12. shokjok

    shokjok Member

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    I haven't tried to use a TV flyback in an automobile ignition circuit. I don't know if the rectifier will diminish the output voltage, or cause unpredictable results. Have you tried the website address printed on the label?
     
  13. lev77

    lev77 New Member

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    No luck :(
    it didnt work.. with the rectifier it didnt charge the cap at all. the was no sparks coming out of it. with out of it the was more sparks from car coil then with it....
    ill try to get proper rectifier this time.
    thanks all for u help.. :):)
    lev77
     
  14. DerStrom8

    DerStrom8 Super Moderator Most Helpful Member

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    I guess I'm not quite sure what you are expecting to happen. A photo of your entire setup would be very helpful. That way, we could see if you may have connected something wrong. Any chance of posting a picture?
     
  15. lev77

    lev77 New Member

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    this is the pic .....
     

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  16. DerStrom8

    DerStrom8 Super Moderator Most Helpful Member

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    I don't see the driver circuit for your ignition coil. Where is it?
     
  17. lev77

    lev77 New Member

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    its behind the car battery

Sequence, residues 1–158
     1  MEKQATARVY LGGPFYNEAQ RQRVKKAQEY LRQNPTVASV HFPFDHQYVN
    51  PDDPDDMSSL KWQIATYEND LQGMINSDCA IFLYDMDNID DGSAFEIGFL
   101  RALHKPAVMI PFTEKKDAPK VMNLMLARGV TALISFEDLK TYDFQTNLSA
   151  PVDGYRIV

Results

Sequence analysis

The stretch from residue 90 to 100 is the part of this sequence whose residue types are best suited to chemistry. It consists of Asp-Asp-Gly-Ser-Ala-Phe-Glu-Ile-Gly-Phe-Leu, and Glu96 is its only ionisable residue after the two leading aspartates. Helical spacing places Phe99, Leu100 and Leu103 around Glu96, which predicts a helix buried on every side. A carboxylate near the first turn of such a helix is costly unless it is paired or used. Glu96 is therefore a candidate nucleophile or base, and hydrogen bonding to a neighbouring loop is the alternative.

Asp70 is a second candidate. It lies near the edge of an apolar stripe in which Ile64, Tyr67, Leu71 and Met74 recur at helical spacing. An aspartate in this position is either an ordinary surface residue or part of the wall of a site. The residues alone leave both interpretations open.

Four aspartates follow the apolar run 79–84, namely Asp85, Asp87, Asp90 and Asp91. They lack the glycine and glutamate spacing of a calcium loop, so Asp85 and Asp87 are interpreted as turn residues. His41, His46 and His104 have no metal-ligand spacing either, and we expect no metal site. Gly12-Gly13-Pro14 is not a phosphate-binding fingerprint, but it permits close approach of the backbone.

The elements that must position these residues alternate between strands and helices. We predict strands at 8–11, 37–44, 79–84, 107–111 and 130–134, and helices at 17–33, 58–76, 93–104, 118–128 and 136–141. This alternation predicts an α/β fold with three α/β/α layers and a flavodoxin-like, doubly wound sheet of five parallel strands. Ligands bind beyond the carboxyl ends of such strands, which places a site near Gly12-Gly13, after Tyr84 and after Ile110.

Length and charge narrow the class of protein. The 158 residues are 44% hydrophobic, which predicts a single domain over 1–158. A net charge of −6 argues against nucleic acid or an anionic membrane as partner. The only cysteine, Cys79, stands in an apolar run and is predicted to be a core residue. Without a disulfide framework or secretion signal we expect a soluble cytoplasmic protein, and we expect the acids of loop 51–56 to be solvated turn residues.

18. DerStrom8

    DerStrom8 Super Moderator Most Helpful Member

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    Oh, okay. Would you happen to have a schematic of your connections? In the photo I see a bunch of wires but can't quite see where they go. Sorry about all the demands--It's just somewhat difficult to follow what you're doing :D
    Der Strom
     
  19. unclejed613

    unclejed613 Well-Known Member

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    even with an effective driver circuit, it will take a while to charge that cap up....

    what are you using to drive the coil with?
    i saw the circuit you had, but that requires a pulse input (like a 2khz square wave... 2khz because that's the approximate resonant frequency for an ignition coil(i know this how???? i've driven ignition coils with amplifiers to use as a crude ionophone)) to pulse the coil continuously...
     
    Last edited: Mar 24, 2011
  20. lev77

    lev77 New Member

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    thats the driver im using.. so how do i get that 2khz square wave pulse input????
    thanks
    lev77
     
  21. DerStrom8

    DerStrom8 Super Moderator Most Helpful Member

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    If what unclejed613 said is true (I'm not doubting you, unclejed) then you would probably want a simple 555 timer circuit. A 555 timer is able to create a square wave output from a steady DC input, and it should be easy to set one up in astable mode to produce one of 2khz. Here's the circuit for an astable 555 timer:
    [​IMG]
    R1, R2, and C1 determine the output frequency. I hope this helps!
    Der Strom